When I was with the Ghana Police, I went on a peacekeeping mission to Bosnia. As police and soldiers on such a mission in another country we were granted immunity. The immunity means that if you commit an offence, you shouldn’t be tried under that country’s laws, but rather your own country’s laws should apply.
It will be the same for the US soldiers coming to Ghana. If they commit an offence, they will be tried under US law.
When I was going to Bosnia I was given a Diplomatic Passport, I didn’t use my own passport. And because I had a Diplomatic Passport, I had immunity. The same applies to foreign soldiers who come on a mission to Ghana.
Regarding the radio frequency, the Americans need it so that they can transmit information to their country, in the same way that Ghanaian soldiers or police on mission abroad are given that facility. When we went to Bosnia, the people there had no right to interfere with our communication system. It’s like that everywhere.
And they shouldn’t pay tax on the supplies they bring, or take back. It’s like when Ghanaian soldiers or police go on peacekeeping, when returning home they pay no taxes, no duty.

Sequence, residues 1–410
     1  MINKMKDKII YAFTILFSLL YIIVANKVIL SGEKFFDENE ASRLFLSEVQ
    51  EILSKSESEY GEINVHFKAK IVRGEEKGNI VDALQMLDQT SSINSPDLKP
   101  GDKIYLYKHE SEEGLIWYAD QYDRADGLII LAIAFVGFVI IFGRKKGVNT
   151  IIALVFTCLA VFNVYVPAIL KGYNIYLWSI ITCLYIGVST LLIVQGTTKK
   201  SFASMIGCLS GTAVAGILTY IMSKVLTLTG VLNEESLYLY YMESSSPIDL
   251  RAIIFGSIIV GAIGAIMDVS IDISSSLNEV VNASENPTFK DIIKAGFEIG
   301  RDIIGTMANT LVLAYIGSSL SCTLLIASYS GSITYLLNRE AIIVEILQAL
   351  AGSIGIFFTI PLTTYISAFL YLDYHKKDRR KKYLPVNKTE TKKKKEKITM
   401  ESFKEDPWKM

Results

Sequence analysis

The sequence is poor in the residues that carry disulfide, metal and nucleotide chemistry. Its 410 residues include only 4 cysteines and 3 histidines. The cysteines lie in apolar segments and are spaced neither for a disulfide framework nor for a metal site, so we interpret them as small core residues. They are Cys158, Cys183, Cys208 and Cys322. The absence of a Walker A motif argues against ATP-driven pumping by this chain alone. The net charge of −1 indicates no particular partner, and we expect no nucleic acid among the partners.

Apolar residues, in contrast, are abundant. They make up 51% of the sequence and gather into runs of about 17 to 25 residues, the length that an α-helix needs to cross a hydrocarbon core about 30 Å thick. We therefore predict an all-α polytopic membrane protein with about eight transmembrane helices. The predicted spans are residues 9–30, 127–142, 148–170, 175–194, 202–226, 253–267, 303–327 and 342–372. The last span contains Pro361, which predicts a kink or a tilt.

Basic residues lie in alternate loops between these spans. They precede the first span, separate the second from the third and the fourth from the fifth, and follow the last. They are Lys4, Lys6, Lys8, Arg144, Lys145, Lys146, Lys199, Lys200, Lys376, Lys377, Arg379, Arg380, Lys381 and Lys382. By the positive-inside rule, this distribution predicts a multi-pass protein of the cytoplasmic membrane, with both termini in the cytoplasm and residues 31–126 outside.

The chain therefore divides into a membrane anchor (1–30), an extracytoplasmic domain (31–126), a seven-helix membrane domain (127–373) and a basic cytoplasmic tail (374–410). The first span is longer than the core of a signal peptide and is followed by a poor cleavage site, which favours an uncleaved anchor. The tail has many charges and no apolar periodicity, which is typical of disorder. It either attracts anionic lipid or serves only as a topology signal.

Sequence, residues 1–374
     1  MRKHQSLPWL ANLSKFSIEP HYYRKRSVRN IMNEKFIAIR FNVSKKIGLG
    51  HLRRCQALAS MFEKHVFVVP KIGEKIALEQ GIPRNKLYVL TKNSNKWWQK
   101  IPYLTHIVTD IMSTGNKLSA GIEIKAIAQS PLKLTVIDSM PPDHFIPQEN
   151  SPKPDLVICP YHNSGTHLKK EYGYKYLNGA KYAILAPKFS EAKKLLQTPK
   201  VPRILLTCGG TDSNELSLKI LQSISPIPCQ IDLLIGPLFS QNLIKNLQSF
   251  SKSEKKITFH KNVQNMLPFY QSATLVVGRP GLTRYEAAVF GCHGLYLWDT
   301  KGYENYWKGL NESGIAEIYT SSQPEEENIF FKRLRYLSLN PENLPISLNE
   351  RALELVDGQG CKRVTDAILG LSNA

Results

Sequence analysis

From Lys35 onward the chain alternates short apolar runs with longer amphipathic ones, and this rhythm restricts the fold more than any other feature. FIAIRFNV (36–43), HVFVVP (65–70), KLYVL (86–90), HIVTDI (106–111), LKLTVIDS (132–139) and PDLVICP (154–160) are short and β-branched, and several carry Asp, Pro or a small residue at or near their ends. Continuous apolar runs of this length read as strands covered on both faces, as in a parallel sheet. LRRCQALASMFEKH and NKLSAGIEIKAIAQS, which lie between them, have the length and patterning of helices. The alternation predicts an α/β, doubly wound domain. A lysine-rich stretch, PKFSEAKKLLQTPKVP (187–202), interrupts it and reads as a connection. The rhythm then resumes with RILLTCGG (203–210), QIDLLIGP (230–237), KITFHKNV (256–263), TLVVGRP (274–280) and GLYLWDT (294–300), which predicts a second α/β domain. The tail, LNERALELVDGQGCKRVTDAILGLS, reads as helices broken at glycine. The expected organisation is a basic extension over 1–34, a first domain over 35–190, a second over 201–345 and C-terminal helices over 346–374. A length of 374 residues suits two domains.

As for the NDC allegation that Ghana has been sold for twenty million US dollars, there’s not a shred of truth in it! No physical cash is involved in the Agreement.
Rather, the training the US is going to give Ghana and the military supplies involved, have been estimated to cost twenty million dollars.
The Agreement is nothing new; in fact, it’s twenty years old. Ghanaians should pay no attention to the NDC propaganda. Propaganda means telling a lie that resembles very much the truth to make people believe it. They themselves originated the Agreement.
If any President is doing well for Ghana, he has my support. And I believe that Nana Akufo-Addo can lift Ghana up.
Initially there will be hardship because, the NDC collapsed the economy. As former President Mahama told us, they have eaten all the meat, what is left are the bare bones.
President Akufo-Addo has even done well, going by what he’s done so far, by keeping his promises, so we should give him our support.